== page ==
The only camp ground that we know of on the Vienna Road was the one just a mile outside of Palmyra. The Vienna Road which went out of Vienna some 15 miles away entered Vienna on the Northeast corner where it came to an end. The Granger campground was on the Old State Road (that ran from east and west through the village of Vienna) about a mile or two east of Vienna. So two different locations are in view. I checked with Mrs Oaks, who Backman cites for making the correlation, and she no longer believes here original idea to be correct. In fact she was the one that pointed out the error that appeared in her booklet relating the two. But aside from the location there is a more serious error in Dr Backman's handling of this matter. Dr Backman is so eager to have the revival talk place in 1820 that he does not read the Blakeslee item very carefully. Blakeslee places the camp meeting expeience in the CONFERENCE YEAR 1820, not in the calender year 1820. The conference year ran from July 1820 to July 1821. This is very evident from the context , since he cites as being on the circuit that year two men that were not appointed to the circuit until July 1820. (this can be easly seen by checking the Methodist Minutes for that and previous conference years. It is also evident from the membership figures he cites. The increase from about 350 to 650 members was reported at the July 1821 conference and covered the conference year running from July 1820 to July 1821. This is too late to help Smith's spring of 1820 story. the conference year that ran from July of 1819 to July 1820 showed a drop of 300 members over the previous year (droping from about 650 to 350). This is the period that should have been the greatest gain and growth. I think what happened was that there was a printing error for the Conference year 1819-1820 figures and because the following year restored the correct figures there appeared to be a substantial gain and Mr Blakeslee thought that was the point at which the camp meeting experienced occured.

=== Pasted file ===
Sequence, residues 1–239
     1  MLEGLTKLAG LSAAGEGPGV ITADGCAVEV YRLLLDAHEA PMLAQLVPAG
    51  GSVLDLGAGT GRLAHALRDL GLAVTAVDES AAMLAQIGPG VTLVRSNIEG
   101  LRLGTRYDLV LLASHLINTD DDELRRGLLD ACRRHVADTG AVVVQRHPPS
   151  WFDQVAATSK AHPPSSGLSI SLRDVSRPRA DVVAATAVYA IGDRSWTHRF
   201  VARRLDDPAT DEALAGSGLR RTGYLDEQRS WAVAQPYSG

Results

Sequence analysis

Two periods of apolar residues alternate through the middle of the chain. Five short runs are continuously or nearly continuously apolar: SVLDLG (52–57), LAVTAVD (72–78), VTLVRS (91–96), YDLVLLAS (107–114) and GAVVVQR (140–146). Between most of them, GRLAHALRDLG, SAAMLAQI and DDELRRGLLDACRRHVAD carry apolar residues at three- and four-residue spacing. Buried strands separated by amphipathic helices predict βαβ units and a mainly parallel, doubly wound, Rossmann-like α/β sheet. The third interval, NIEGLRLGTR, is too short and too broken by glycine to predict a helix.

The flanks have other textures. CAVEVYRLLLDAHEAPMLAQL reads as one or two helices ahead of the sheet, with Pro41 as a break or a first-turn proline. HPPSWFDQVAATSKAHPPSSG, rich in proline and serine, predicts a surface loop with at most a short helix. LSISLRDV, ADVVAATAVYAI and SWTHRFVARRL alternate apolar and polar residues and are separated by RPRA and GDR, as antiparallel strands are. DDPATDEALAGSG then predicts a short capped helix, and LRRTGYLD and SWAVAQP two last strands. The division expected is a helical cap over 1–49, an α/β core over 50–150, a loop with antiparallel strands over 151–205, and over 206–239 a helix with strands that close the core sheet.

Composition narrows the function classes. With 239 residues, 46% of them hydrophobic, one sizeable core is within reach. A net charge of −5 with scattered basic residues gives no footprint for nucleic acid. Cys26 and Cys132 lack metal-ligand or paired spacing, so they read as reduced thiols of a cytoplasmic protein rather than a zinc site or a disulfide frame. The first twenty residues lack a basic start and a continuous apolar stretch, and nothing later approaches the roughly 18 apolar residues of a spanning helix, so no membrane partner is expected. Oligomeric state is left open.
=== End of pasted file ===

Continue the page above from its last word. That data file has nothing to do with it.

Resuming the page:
I say this because in July 1820 Abner Chase was appointed the Presiding Elder over this district. In his report made in July 1824, he states most decidedly that "For two or three years we saw not great awakenings". Shall we take the official report of the man who was in charge of the district at that time, or the reconstructions of Blakeslee made over 60 years later? While I do not believe the reminiscences just because that are late are in error when it comes to a conflict between dating by reminiscence or by contemporary records, I'll choose the contemporary recod. Without this item it is difficult to come up with and kind of spiritual awakening near enough to have affected Smith (remember he has to see them fighting over who is going to receive the converts etc).